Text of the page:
‘Hi-fi nuking’ CD technology safe claims developer

Other noise-filled CDs can, though - as the software biz has already admitted

The anti-piracy system that was last week said to nuke loudspeakers playing pirate CDs this week... well.. doesn't.

So says New Scientist magazine - at the behest of the technology developer's lawyers, it seems, if the language used in the 'correction' (journalese for 'apology') is anything to go by.

The technology, called Cactus, adds bursts of noise to the music data encoded on the CD. Developer Midbar Tech says the noise is eliminated by a conventional CD player's error correction system, but defeats attempts to read the music as data, as a PC-based CD drive would if it were copying the disc's contents.

Essentially, if you try to copy a Cactus-protected CD, you end up with a CD-R full not of music, but of noise.

New Scientist technology writer Barry Fox reckoned said noise could send lethal spikes through your speakers - in extreme cases, causing them to blow.

Bollocks, says Midbar, which adds that any such effect would be "totally unacceptable". It has forced the magazine to state that "there is nothing in its technology on the market, past, current or future, that could, or would, be potentially damaging to equipment".

As we speculated when we gave our take on the New Scientist story, such an effect would open both Midbar and the music industry to some very interesting legal issues, particularly in territories where it's legal to copy CDs for personal use.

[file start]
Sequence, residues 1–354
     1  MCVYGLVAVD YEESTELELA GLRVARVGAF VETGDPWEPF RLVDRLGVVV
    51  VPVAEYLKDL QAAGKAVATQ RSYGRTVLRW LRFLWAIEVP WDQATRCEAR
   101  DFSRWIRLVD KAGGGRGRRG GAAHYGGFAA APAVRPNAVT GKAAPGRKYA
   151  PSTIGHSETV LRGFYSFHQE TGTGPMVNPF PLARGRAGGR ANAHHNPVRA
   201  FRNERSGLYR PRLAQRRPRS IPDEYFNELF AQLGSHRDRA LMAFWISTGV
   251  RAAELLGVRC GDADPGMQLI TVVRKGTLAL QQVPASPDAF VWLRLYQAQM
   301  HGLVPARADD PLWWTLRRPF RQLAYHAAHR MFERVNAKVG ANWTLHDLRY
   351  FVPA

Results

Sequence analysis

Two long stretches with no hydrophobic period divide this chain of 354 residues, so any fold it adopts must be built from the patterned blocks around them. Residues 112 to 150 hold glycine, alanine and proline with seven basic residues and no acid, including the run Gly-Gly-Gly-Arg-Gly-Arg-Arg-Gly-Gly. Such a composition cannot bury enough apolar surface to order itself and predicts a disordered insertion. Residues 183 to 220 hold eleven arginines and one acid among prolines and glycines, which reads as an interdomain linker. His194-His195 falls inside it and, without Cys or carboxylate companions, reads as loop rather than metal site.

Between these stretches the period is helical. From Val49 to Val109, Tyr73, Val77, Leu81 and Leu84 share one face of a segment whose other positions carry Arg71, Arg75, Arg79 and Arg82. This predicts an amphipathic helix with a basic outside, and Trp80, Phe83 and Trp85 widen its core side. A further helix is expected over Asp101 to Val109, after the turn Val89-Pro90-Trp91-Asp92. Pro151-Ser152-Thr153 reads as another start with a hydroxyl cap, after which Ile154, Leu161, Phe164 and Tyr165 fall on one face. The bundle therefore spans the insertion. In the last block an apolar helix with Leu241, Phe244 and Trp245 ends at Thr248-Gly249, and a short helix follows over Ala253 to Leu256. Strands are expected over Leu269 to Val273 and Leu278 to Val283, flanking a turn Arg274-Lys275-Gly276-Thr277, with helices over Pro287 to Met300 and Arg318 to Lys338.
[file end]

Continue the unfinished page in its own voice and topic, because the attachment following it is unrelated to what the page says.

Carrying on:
Clearly, Midbar's legal people reckon so too. Or perhaps Sony's, since that's the company that has been distributing Cactus-protected CDs in Europe. Hence the move to claim that its technology can't be used to hammer hi-fis when playing pirate CDs.

Of course, we only have Midbar's word for it. As Cactus-protected discs are identified and tested, we'll see just how accurate its claims are.

Certainly noise can damage hi-fi, as software suppliers frequently pointed out in the early days of CD-ROM technology. We recall a number of game CDs on which software was encoded as the first track, allowing in-game music, recorded as the remaining tracks, to be played on a regular CD player. Those discs warned users not to play the first track lest it damage amplifiers and/or speakers.

That's not to say Cactus would do so, but we remain suspicious of any system that pumps noise through hi-fi systems. As we say, with at least one million Cactus-protected CDs in the marketplace, time will tell. ®

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Related Link

New Scientist: Apology to Midbar